A long line of people in business suits snaked around Nationals Park Stadium in D.C. Tuesday morning, where a career fair was being held for older workers.
"The fair is on the third floor, to the right," an elevator attendant announced to the crowd. "Let me know if you have any questions."
"I got a question," snapped a middle-aged woman with a pile of resumés tucked under her arm. "Why can't I get a job?"
Over 3,000 people showed up to the "Promoting Yourself at 50+" career fair in D.C., which was hosted by EmploymentGuide.com and WiserWorker.com with a special partnership with the AARP. The fair offered resumé workshops, career counseling and booths set up by employers with job openings -- and while it was aimed at helping older workers reboot their careers, younger workers still showed up by the thousands.
"The vendors knew we were doing a tremendous amount of outreach to older folks, and they were willing to look at older folks for their value rather than their age," said Phyllis Cohn, project manager for AARP. "But we can't discriminate. These career fairs are open to all ages, and the turnout for this one was about 50/50."
One young jobseeker, Damian Lewis, stood in line at the Montgomery County Police booth to sign his name on its officer recruitment list.
"I heard this was a career fair for people over 50," said Lewis, 24, of College Park, Maryland. "Honestly, I don't care if it's a career fair for aliens. I got a kid to support. If there's jobs, I'll be there."
In April, the number of unemployed persons was 15.3 million, and the unemployment rate grew from 9.7 to 9.9 percent, the U.S. Bureau of Labor Statistics reported. The average duration of unemployment for people 55 and older was 42.9 weeks in April, well over 10 months.
The older jobseekers at the fair who said they had been unemployed for more than a year were particularly grateful for the specialized attention. Deborah Johnson, 59, says she has been unable to find anything but temp work since she was laid of from her job as a retail operations auditor at Hecht's in 2003.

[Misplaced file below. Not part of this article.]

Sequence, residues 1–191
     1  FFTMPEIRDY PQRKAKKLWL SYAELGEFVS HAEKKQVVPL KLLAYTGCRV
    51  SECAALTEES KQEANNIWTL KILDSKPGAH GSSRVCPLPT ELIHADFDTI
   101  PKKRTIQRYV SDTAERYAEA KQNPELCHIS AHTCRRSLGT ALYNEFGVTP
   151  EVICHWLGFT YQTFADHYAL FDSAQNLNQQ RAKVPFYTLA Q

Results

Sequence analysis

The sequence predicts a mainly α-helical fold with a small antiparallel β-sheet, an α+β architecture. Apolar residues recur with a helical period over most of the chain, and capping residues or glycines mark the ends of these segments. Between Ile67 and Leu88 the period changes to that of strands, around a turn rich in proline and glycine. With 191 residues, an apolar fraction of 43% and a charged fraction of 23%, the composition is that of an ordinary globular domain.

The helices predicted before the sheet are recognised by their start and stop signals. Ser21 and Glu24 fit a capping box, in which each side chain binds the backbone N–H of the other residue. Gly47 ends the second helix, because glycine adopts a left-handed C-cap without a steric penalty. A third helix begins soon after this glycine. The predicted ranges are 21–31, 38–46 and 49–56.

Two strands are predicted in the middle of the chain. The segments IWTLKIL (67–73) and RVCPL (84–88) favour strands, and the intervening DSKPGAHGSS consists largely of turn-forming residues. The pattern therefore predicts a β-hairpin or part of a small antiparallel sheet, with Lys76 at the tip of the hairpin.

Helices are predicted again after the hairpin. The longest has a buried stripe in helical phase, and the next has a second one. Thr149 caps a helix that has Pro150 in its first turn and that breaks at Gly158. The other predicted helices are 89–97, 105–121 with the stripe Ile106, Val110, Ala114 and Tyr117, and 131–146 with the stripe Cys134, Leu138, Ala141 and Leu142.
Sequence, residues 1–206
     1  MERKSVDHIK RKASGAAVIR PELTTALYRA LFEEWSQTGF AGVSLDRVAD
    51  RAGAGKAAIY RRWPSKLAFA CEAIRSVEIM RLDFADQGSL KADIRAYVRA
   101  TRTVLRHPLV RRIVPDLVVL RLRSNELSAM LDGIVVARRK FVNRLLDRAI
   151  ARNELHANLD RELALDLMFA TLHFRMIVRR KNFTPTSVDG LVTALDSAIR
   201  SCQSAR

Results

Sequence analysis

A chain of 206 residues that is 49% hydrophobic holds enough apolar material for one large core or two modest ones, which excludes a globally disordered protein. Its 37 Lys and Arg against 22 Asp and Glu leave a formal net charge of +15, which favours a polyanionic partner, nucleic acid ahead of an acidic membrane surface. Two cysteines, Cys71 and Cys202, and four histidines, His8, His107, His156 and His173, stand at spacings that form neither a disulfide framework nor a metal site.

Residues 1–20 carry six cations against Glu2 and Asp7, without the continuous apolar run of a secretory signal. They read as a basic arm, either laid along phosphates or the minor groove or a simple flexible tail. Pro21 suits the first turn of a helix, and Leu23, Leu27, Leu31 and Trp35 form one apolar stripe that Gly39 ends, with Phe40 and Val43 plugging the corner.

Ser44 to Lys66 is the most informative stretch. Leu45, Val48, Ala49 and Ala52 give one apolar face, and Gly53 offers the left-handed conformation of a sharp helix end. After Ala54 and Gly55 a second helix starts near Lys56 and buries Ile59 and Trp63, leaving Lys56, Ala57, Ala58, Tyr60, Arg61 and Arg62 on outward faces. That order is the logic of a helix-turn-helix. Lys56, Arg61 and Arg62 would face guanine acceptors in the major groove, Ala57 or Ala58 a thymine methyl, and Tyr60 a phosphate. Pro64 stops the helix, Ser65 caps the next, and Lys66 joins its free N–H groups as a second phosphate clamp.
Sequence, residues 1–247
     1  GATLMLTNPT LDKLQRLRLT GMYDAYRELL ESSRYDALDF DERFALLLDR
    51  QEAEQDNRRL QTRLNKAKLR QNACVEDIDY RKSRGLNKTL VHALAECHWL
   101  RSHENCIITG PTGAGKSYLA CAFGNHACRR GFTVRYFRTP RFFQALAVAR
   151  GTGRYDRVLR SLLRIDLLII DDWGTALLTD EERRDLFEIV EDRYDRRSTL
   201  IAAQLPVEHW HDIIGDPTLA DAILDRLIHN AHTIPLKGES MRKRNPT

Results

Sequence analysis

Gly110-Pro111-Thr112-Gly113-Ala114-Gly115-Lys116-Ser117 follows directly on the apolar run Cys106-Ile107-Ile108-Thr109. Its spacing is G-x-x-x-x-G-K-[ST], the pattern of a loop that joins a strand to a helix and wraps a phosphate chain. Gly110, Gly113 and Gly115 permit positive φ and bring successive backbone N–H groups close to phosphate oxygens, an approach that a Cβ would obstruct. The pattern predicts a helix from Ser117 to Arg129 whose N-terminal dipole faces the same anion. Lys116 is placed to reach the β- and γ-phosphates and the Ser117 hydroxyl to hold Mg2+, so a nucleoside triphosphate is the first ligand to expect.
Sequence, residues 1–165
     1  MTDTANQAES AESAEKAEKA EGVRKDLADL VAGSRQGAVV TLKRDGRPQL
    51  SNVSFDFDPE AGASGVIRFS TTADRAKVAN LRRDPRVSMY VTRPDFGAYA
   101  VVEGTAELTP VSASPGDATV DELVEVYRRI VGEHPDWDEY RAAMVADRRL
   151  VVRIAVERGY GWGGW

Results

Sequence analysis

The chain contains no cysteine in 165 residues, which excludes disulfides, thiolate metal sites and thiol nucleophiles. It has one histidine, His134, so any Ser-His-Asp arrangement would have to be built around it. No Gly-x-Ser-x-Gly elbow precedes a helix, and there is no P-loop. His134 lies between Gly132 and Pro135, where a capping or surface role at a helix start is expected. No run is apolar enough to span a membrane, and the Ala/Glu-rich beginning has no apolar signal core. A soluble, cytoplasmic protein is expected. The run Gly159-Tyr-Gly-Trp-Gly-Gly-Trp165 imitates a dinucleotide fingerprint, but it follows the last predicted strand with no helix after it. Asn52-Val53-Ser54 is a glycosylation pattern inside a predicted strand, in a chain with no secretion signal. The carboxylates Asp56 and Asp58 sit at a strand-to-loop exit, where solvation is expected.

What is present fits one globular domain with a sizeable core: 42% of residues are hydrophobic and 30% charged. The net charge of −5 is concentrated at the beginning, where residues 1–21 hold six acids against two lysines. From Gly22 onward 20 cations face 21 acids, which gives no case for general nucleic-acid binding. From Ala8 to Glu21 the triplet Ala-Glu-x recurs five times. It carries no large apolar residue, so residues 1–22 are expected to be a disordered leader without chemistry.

"I've been to three or four career fairs," she said. "They always tell me what I already knew: 'Go to our website.' I've tried that. I was up 'til midnight last night sending out resumés. No interviews so far."
Johnson, who lives by herself, says she wouldn't want to retire even if she could. She just wants a full-time job.
"Oh, I'll work until I'm 70 if I can," she said. "I like working, I'm a hard worker. And I don't feel like I should be knocked out of the loop just because I don't have a college degree. I know how to talk to people, I know how to manage people with respect and I still have a lot to give."
George Turner, 48, and his wife Reneé, 50, appeared fairly new to the job fair scene as they sat in line together waiting for their turn to see one of the 13 career counselors on staff. Reneé said she was laid off from her job as a patent assistant at a law firm in January, and George was laid off from his management position only two days prior to the career fair.
"We're looking for anything, anything at all," said George, who has four children with his wife, two of whom live at home. "We were okay on one salary for a couple months -- at least we had health benefits. But now we got nothing."
The Turners said they hoped to have their resumés critiqued, maybe learn a thing or two about how to network online. When their names were called, they stood up.
"Wish us luck," George said. "We could sure use some."
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